For the infant, the most common ones we talk about are preterm birth and low birth weight. There is also some indication that infant fussiness, difficult infant temperament, anxiety disorders, ADHD and depression [are tied to untreated perinatal mental health conditions].
Perinatal mental health is just one of many factors: Several other psychosocial, systemic and genetic factors play into these outcomes and we definitely need to keep those in mind.
Are there any particular mental health concerns that disproportionately affect trans men who are pregnant, or people of color with particularly high maternal mortality rates, such as Black mothers?
Those are two separate but intersecting questions. The first one, of trans men who want to become pregnant and have a child: [There are] several factors to consider because once they’ve decided to transition, then going back to what is traditionally a female thing — getting pregnant, getting all these vaginal exams — these can all be triggers and cause distress and dysphoria. In addition, some people may stop taking their testosterone for the pregnancy and that could have implications.
Black mothers have been found to be less likely to be screened for depression and anxiety, less likely to receive treatment and more likely to have treatment be interrupted.
What should pregnant people look out for if they’re concerned they might be experiencing a mental health condition?
The symptoms of anxiety and depression are the same as in any other population. Any low mood that is sticking around for several days, negative thoughts, excessive guilt. I think what confounds it in pregnancy and postpartum is that sleep appetite and fatigue are three core symptoms of depression [that also characterize pregnancy and the postpartum period].
This very often [leads to late diagnosis].
If you have any question about whether you need help, you should have a low threshold to get help.
What barriers do pregnant folks face when they try to find or receive mental health care?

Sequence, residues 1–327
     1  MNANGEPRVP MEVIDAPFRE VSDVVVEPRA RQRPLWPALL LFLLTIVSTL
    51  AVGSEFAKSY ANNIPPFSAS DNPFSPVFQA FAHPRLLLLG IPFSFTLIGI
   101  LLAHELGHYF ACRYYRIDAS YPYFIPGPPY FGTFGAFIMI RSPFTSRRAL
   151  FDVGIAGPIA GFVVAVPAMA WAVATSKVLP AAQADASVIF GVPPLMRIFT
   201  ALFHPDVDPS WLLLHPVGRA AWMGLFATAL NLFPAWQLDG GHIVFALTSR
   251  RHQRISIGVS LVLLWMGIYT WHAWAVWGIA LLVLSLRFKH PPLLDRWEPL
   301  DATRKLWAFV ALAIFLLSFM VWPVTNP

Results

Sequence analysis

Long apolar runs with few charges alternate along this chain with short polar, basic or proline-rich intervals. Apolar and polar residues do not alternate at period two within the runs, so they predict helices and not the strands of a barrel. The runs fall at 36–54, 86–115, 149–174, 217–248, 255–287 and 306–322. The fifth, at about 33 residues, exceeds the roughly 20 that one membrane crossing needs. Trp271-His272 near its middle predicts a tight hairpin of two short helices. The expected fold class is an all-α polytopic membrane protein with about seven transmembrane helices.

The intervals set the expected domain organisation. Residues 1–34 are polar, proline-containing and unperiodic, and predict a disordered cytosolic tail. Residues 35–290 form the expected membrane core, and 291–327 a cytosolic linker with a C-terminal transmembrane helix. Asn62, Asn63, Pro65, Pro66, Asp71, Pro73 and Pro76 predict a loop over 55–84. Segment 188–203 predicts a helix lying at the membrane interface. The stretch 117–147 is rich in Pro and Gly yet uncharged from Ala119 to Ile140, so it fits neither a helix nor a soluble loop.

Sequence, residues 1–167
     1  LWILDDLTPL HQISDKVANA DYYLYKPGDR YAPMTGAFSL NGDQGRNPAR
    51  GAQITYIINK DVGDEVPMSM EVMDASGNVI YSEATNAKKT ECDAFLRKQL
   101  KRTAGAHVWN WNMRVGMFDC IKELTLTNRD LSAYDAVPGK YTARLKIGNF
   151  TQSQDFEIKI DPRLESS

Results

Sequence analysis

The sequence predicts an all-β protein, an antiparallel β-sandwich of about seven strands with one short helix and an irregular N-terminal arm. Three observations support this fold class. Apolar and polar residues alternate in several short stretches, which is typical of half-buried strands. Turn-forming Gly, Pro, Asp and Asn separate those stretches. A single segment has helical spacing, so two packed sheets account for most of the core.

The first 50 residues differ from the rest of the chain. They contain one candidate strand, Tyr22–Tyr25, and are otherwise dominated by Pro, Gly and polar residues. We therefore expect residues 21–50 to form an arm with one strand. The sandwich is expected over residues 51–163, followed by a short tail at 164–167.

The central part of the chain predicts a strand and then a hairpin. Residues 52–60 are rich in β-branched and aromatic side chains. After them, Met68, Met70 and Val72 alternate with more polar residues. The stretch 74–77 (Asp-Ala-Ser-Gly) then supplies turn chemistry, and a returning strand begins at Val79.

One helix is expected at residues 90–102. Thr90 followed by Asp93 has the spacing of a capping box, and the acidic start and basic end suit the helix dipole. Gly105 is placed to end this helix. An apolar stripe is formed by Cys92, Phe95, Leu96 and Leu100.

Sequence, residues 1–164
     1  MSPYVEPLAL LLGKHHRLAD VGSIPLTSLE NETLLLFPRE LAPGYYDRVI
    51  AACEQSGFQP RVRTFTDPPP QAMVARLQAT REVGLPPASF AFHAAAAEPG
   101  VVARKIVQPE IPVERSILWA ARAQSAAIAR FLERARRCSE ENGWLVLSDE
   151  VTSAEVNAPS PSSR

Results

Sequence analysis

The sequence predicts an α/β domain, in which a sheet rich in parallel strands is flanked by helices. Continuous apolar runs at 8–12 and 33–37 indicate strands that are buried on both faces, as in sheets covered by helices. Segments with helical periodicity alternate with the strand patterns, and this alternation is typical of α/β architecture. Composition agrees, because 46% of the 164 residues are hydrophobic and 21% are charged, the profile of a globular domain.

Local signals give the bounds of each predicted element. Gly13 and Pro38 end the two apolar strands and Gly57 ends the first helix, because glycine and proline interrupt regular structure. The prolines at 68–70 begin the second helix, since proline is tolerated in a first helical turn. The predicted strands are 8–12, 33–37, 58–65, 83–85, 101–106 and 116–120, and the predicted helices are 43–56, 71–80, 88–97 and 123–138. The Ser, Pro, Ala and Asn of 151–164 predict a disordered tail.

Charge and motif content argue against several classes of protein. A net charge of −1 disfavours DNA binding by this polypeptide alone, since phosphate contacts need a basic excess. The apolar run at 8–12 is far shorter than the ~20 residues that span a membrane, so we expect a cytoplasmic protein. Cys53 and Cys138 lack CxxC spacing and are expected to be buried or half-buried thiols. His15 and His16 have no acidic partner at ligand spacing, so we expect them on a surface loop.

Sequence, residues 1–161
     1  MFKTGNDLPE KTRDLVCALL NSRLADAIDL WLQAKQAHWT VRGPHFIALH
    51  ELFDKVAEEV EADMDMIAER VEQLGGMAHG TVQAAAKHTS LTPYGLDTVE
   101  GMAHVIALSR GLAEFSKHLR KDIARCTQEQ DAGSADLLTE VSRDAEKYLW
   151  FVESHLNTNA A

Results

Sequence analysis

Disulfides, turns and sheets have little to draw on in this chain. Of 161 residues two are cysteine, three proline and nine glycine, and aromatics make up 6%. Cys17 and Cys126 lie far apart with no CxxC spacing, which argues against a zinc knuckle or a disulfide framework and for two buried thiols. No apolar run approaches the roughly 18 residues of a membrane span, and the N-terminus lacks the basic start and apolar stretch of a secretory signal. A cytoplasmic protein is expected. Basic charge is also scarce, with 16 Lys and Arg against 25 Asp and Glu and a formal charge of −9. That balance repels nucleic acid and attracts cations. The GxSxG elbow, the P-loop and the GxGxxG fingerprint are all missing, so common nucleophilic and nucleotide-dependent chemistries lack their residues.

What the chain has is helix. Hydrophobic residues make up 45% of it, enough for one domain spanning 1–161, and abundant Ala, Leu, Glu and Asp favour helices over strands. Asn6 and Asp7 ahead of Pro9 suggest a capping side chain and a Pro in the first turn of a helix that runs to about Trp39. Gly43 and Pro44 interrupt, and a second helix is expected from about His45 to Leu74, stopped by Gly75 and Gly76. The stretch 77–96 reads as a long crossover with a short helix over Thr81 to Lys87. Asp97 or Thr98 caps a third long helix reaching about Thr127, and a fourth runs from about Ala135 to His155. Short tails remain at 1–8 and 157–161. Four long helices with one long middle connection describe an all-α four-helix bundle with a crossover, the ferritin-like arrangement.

It’s the same access problems as mental health care in general: There’s not enough mental health providers to care for all of the patients who need the help. With perinatal mental health there’s the added layer of complexity that the providers, even mental health providers, are not comfortable treating perinatal individuals. Either they have these blinkers on that [pregnant people] can’t be depressed or anxious, or they are not comfortable prescribing medication.
The other added layer is stigma. Not only do they have the stigma of mental health problems, they also have the fear of being judged a bad parent. Or worse, they might be judged as incapable of caring for their baby.
What should be done to raise awareness about perinatal mental health concerns?
I think just shifting our approach toward the fact that emotional well-being and mental health is an integral part of perinatal health.
If a person goes in for their obstetrician visit, or their midwife visit, they get their blood pressure measured almost every time. There should be a similar check-in about emotional well-being because the prevalence of pregnancy-induced hypertension is around 8% but the prevalence of pregnancy depression is 10-12%.
This is not something separate or different or stigmatizing that we’re doing. This is just part of the package of prenatal care.
Resources for pregnant people:
Resource for health care providers: